|Funding||Pfizer, Genomic Health|
|Status||Funding awarded/in set-up|
The NEO21-RS study will look at two different treatments for breast cancer given before Surgery to remove the tumour. Treatment given before having Surgery is called neoadjuvant therapy. Treatment before Surgery is given to try and shrink the tumour and will be either hormone therapy or chemotherapy.
Early estrogen receptor positive (ER+) breast cancer can be treated with either hormone therapy alone or with chemotherapy followed by hormone therapy. These treatments can be given after Surgery to reduce the risk of the breast cancer returning or before Surgery to help shrink the breast cancer as well as reduce the risk of the breast cancer returning. It is known that ER+ breast cancers generally respond less well to chemotherapy and that not all such cancers need chemotherapy. Given all the possible side effects of chemotherapy it is important we try and avoid treating women in whom it will provide little or no benefit.
In many patients with estrogen receptor positive tumours who have their breast cancers removed as their first treatment doctors can use a test called the Oncotype DX Breast Recurrence Score® to help them make decisions around the possible benefit of chemotherapy and if it is needed to treat their breast cancer. The test uses breast cancer tissue and analyses a set of genes. At the moment the test is not available when treatment is needed before Surgery to shrink the breast cancer.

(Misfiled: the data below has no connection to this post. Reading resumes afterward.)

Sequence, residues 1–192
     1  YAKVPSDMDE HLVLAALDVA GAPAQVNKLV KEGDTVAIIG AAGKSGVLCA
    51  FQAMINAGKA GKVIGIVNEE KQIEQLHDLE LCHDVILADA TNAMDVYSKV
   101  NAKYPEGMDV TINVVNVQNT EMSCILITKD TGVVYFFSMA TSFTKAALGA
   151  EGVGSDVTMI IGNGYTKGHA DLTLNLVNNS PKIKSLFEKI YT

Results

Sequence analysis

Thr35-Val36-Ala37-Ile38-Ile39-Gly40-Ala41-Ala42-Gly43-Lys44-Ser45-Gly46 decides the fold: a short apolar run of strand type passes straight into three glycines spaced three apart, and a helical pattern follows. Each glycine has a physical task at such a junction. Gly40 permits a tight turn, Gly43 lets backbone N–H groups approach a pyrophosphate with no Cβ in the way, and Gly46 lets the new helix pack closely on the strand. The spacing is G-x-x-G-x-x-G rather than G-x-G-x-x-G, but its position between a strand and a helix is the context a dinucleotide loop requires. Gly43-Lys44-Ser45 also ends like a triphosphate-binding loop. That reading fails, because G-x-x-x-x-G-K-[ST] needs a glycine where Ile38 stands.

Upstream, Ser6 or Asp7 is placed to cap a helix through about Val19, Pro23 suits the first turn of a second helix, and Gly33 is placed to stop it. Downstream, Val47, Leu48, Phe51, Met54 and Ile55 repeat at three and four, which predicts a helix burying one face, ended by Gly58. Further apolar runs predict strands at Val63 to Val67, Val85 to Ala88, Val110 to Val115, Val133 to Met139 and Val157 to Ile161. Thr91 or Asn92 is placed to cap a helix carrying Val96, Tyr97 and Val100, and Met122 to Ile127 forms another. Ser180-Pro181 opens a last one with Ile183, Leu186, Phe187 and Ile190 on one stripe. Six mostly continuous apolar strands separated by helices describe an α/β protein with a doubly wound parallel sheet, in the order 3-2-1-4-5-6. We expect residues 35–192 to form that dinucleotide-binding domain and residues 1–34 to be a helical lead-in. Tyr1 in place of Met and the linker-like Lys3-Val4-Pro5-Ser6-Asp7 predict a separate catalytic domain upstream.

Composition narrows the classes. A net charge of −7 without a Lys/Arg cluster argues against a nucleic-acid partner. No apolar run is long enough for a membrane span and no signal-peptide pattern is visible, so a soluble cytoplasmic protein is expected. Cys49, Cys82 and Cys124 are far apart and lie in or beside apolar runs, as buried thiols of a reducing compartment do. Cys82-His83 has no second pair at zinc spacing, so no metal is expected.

The Oncotype DX Breast Recurrence Score® currently places breast cancers into 3 groups
1. Low RS breast cancers have a lower risk of their cancer returning and do not benefit from chemotherapy so hormone therapy is recommended.
2. High RS breast cancers have a greater chance of their cancer returning and chemotherapy is recommended. Endocrine therapy is given once chemotherapy has been completed.
3. Intermediate RS breast cancers (i.e. in the middle), in these cancers the benefit and need for chemotherapy is not known. There is therefore a case by case discussions with each individual patient with some patients being treated with chemotherapy and some without chemotherapy. Therefore, patients in this group are often treated with hormone therapy alone.
There are 2 components to this study:
• An observational study of the outcomes for patients whose tumours have a low and high Recurrence Score (RS), where we will follow them up to see how they get on with their treatment
• A randomised trial to compare two different treatments for patients whose tumours have an intermediate RS breast cancers. Half will receive hormone therapy on its own and the other half will have hormone therapy plus a new drug called palbociclib.
This study will take place in several hospitals across England, Wales and N. Ireland and 118 patients will take part over a period of 2 years.